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How can I become more empathetic as a leader?

5 min read


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Q: What is one way I can practice becoming more empathetic as a leader?

1. Ask yourself how you would feel

Empathetic leaders do one thing really well: they see multiple perspectives with authenticity. One simple way to do this is to remember what things were like when you were an employee. How did you feel when management did to you the same things you might be considering doing to your employees? By always asking yourself this question without bias, you’ll become a more empathetic leader immediately. — Ross Resnick, Roaming Hunger

2. Think about the person, not the position

As a busy entrepreneur, it’s easy to think about people as roles they represent: employees, vendors, potential clients, etc. Instead, practice thinking of people beyond their interactions with you. Do they have children? A spouse? A current personal challenge, like an illness or divorce? These things all impact a person’s emotions and performance. Remind yourself there’s a world beyond 9-to-5. — Brittany Hodak, ZinePak

3. Invest in a personal development team

The more you learn about yourself, the more you recognize your own humanity. The more you recognize your own humanity, the more you see and appreciate the humanity of others. Every leader has a responsibility to invest in their personal work. That means having a team in place to support your emotional, spiritual and physical health. Build a team that guides you so you can guide others. — Corey Blake, Round Table Companies

4. Leverage your IQ to improve your EQ

I define compassion as empathy plus action. I found that setting regular reminders to show appreciation helped me jump start a more empathetic leadership role. It’s easy to keep your head down and not notice the struggles that those around you are facing and overcoming. Regular reminders to be thoughtful of these things was helpful. Just avoid being too scripted! — Douglas Hutchings, Picasolar

5. Constantly check in

We have recently started a weekly “Pley Pulse” survey in order to check in with everyone in the company. These surveys are completely anonymous, which guarantees honesty. As a toy rental service, we are constantly striving to make Pley a fun and positive work environment, and checking in with everyone really helps us do that, gauge happiness and be empathic to our employees when issues arise. — Ranan Lachman, Pley

6. Work the ground-floor job

Work behind the front desk. Do the baggage handling. Code overnight. Whatever your industry, there are all kinds of jobs that leaders feel they’ve outgrown. But to experience those jobs personally gives profound perspective, says a lot about you to your staff and is guaranteed to give you a list of ideas on how to make your business better. — Michael Portman, Birds Barbershop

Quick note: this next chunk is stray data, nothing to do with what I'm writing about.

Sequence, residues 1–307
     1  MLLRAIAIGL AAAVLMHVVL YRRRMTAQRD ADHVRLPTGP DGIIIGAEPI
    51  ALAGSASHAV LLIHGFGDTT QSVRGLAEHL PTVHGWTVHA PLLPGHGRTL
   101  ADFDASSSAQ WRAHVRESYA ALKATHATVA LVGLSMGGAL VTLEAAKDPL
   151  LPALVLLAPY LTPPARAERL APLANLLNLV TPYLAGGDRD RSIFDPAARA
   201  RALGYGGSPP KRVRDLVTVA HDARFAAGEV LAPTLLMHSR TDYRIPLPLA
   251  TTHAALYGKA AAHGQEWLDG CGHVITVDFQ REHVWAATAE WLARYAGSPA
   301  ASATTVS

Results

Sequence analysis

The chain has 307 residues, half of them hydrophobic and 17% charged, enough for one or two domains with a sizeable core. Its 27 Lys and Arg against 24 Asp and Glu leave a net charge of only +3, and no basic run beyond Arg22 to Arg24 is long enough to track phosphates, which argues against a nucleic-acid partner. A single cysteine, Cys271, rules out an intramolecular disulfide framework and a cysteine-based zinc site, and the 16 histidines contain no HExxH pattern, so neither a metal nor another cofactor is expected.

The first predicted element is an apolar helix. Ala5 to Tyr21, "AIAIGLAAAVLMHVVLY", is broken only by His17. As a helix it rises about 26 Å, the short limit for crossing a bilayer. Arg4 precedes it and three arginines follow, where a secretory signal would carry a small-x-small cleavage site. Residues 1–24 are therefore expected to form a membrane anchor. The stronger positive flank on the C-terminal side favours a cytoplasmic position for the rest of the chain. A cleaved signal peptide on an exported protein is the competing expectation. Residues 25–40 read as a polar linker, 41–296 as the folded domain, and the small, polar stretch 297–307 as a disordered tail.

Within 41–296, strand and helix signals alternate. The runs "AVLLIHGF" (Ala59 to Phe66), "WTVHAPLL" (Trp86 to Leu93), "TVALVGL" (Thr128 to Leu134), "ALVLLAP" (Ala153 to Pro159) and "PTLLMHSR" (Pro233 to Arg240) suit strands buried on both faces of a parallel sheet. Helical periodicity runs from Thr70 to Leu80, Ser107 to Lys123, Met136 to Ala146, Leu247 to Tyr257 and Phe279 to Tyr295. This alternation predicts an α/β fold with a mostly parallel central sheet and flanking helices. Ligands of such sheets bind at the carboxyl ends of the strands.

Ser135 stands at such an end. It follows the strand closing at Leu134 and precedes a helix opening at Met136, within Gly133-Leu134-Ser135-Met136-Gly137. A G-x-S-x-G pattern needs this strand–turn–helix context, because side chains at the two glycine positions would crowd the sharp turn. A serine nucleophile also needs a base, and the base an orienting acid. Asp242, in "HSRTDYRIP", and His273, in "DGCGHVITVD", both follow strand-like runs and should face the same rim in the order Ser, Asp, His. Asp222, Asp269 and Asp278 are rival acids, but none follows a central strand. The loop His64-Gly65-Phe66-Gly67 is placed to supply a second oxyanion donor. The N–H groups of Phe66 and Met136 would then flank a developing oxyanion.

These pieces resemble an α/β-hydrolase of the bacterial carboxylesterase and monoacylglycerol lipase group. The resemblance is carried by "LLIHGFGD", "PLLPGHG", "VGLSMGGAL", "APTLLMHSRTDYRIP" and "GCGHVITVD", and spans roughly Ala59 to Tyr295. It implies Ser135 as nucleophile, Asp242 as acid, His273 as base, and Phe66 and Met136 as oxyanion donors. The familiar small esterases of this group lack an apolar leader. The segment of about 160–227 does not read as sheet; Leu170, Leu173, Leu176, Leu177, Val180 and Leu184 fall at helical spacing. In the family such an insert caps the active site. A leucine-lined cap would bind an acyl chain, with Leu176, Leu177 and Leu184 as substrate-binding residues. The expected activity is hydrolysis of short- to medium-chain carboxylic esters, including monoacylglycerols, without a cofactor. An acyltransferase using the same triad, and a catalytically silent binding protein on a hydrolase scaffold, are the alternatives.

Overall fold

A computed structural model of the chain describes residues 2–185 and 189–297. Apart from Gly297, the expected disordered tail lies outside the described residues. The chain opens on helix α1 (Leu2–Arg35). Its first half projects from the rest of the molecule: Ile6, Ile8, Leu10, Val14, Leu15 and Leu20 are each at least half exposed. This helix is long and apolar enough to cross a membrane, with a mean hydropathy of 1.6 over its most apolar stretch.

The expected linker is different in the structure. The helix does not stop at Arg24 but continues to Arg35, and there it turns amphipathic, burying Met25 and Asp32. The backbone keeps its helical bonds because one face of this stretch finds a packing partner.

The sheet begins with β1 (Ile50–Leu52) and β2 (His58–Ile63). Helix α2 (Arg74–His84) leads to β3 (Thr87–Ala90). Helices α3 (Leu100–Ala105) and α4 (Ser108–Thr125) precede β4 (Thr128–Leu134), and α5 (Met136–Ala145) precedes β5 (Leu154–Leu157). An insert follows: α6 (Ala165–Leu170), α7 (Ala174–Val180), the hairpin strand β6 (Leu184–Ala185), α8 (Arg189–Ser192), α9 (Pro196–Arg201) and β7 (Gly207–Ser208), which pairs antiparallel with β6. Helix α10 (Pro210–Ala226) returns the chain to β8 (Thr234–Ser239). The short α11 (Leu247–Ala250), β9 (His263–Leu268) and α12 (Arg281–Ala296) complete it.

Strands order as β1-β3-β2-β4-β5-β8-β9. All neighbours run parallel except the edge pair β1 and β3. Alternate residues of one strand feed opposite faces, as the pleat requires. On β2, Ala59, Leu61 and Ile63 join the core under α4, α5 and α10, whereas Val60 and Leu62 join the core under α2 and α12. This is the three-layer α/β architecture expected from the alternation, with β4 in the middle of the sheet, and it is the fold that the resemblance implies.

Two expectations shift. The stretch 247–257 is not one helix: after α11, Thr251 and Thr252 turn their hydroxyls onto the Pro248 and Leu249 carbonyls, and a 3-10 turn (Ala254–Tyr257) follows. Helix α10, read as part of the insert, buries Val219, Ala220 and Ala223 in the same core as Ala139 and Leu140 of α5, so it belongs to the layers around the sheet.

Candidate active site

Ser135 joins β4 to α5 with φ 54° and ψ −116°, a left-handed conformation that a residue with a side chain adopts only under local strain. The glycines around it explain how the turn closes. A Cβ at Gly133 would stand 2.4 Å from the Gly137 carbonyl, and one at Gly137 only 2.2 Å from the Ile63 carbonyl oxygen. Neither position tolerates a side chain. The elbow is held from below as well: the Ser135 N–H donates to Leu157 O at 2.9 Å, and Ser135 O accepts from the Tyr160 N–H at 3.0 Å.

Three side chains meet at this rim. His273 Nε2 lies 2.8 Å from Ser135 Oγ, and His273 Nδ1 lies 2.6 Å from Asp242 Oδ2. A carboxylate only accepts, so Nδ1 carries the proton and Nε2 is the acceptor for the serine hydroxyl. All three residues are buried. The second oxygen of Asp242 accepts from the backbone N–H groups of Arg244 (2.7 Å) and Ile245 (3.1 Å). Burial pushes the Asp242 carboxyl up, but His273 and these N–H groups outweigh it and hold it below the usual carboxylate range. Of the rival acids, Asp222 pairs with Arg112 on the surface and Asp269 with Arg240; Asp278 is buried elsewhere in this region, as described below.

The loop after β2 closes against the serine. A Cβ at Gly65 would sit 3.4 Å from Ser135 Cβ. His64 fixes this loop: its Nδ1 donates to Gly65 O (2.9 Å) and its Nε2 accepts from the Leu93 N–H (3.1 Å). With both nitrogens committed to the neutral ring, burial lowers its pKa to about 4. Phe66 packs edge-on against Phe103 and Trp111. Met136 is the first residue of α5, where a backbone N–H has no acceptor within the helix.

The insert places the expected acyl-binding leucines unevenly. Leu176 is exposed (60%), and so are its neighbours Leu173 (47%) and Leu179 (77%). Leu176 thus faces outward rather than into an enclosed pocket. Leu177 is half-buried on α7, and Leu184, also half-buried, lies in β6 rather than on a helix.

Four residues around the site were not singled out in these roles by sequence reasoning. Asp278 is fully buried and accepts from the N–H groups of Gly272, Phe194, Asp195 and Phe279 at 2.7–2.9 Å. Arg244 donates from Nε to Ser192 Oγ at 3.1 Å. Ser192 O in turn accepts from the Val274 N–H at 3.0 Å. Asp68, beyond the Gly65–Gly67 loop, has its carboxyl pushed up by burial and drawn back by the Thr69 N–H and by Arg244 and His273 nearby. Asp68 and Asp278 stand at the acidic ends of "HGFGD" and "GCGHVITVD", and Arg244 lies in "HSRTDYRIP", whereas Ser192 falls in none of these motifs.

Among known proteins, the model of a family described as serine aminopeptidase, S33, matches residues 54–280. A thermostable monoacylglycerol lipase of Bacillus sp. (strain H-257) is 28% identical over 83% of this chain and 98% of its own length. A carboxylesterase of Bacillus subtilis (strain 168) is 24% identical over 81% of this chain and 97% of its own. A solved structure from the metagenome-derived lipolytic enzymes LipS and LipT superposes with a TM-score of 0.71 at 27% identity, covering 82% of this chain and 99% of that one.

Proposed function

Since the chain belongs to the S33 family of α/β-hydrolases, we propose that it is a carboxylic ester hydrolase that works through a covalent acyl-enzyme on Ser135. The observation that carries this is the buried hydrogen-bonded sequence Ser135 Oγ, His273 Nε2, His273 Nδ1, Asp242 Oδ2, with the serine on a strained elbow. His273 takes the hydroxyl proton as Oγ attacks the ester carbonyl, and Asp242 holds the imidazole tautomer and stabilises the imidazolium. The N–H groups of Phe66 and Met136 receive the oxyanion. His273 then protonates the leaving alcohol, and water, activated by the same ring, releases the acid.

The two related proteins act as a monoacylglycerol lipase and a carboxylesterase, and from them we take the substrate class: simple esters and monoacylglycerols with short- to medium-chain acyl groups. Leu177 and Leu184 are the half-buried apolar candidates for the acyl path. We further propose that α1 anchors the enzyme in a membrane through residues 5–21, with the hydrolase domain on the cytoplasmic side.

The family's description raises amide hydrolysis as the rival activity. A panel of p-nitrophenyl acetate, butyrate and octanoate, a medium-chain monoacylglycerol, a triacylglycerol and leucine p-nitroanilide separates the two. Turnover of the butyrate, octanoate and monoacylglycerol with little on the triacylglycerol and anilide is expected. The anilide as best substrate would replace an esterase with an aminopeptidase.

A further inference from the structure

7. Put yourself in their shoes

There’s a great article in The New York Times that attributes empathy as the reason why some teams are smarter than others. First, becoming more empathetic as a leader shouldn’t be any different than becoming more empathetic as a human. Every time you think you need something, take a moment and ask yourself what the other person might need instead. Put yourself in that person’s shoes. — Joseph Walla, HelloSign

8. Work on listening

Try to imagine yourself in the other person’s shoes. As a leader, it can be easy to focus too much on the big picture or desired results. It’s critical to listen to your employees, understand their challenges, then help them remove those barriers and unleash them to do their best work. — Brendon Schrader, Antenna

9. Defer judgement

When we receive news, it is natural for us to pass judgement on the news based on our existing knowledge. When we are naive to the fact that there is likely information that we don’t yet have, we forget to be empathetic. By enforcing a behavior of deferring judgement until all information is received, we inherently remind ourselves to be empathetic to the reporting person’s unique perspective. — Adam Roozen, Echidna, Inc.

10. Never forget your path

Regardless of your successes, always remember where you came from and the paths you traveled. At some point, you reported to a leader. How do you remember that leader? Whether good or bad, that leader helped shape your future decisions. How will the future leaders remember you? — Matt Telmanik, CCS Construction Staffing

11. Get to know your employees

Spend time with your employees outside of the office. Get to know them and their families. How old are their kids? Do they have pets? You should genuinely care about your employees. As you get to know them, their life stories will emerge, and you will grow more empathetic. — Kevin Castle, Technossus